sullivan_infernal machine_72dpi

UVa President Teresa Sullivan speaks on the steps on the Rotunda after addressing a closed session of the Board of Visitors, June 2012; photo © Norm Shafer

But between June 10 and Sullivan’s ultimate reinstatement on June 26, something else happened on Grounds, something that most stories and accounts of the summer’s events missed in their efforts to chronicle the process. Not only did it surprise me; I still struggle to  make sense of it. (Talbot Brewer also tried to make sense of this series of events in the summer issue of The Hedgehog Review.)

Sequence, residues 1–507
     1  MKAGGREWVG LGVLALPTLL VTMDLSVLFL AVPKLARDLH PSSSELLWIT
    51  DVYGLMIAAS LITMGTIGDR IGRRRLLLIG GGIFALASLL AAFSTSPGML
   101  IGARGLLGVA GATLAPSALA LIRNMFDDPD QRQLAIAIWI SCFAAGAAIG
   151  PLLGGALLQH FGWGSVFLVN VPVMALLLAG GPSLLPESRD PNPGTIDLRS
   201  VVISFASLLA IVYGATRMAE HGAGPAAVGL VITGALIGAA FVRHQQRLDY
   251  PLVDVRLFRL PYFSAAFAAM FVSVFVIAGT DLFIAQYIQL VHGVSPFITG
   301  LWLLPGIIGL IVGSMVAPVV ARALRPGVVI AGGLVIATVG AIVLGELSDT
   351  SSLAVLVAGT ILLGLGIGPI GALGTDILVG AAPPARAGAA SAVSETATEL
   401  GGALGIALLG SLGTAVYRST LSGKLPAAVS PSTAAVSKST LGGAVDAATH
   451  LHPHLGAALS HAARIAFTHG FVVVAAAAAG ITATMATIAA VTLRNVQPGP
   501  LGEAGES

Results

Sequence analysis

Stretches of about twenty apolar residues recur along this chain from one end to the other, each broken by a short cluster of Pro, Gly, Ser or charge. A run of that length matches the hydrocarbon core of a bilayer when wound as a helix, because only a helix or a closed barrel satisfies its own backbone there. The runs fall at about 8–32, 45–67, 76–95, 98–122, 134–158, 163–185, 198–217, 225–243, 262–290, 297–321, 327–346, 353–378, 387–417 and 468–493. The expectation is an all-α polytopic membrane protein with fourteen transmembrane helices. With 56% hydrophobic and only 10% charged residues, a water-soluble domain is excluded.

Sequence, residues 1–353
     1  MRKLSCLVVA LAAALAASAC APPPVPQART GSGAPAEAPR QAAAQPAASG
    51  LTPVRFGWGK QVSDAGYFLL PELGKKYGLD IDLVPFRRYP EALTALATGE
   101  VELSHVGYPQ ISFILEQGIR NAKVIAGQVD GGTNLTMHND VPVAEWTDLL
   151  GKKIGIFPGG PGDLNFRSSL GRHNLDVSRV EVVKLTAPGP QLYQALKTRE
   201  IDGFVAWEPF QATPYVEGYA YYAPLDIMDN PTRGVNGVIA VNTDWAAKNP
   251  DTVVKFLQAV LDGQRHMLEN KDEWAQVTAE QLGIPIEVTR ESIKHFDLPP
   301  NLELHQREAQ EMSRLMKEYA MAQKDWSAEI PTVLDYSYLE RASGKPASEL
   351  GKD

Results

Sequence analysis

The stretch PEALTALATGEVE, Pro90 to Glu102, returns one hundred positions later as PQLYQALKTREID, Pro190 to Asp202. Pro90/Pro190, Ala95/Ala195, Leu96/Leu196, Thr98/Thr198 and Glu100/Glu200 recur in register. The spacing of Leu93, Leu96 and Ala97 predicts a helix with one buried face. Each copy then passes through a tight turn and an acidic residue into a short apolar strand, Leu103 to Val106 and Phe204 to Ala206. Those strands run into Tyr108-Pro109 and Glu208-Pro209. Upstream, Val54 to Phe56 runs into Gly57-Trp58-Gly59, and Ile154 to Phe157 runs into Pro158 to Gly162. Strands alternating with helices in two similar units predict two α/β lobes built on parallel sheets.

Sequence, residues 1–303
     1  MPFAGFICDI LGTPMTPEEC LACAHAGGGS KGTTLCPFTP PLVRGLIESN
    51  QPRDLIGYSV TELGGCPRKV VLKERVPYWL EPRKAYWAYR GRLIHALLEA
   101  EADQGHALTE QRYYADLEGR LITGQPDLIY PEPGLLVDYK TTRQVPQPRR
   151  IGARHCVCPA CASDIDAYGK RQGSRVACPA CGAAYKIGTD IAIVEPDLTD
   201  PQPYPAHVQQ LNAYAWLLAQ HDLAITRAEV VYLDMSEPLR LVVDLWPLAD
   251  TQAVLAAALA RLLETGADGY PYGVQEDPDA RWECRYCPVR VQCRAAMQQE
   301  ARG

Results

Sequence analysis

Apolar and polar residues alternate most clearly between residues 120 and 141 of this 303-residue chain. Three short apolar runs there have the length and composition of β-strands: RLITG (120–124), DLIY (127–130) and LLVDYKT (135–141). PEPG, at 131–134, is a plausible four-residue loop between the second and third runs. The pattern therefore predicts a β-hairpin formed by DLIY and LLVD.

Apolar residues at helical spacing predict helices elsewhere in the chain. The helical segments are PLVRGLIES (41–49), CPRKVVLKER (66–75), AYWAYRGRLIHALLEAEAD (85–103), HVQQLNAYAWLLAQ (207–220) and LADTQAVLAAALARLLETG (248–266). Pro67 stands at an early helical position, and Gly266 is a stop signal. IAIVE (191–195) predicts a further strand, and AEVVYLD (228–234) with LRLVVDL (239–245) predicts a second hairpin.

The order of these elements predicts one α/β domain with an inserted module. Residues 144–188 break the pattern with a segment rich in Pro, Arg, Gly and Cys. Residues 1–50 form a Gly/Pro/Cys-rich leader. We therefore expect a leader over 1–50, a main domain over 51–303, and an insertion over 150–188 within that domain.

For about two weeks, UVa faculty members paid scant attention to the myriad problems that the Rector identified; they didn’t demand political intervention; they didn’t split up into conservative and liberal corners and revive culture-war arguments (the liberal faculty against the conservative administration). For two weeks, my colleagues condemned the Board of Visitors’ actions by making explicitly ethical arguments, arguments grounded in claims about the moral purposes of the university: What the university was and ought to be. Some colleagues defended and invoked an honor code with which we usually engage, if at all, only ironically. Others celebrated founder Thomas Jefferson’s commitment to higher education as a public and democratic good, but without the ironic winks that usually accompany such discussions. There was even an impassioned defense of peer review as an ethical practice. Whatever their particular content, the arguments led to a broad consensus: This wasn’t right, this wasn’t how a university ought to be run.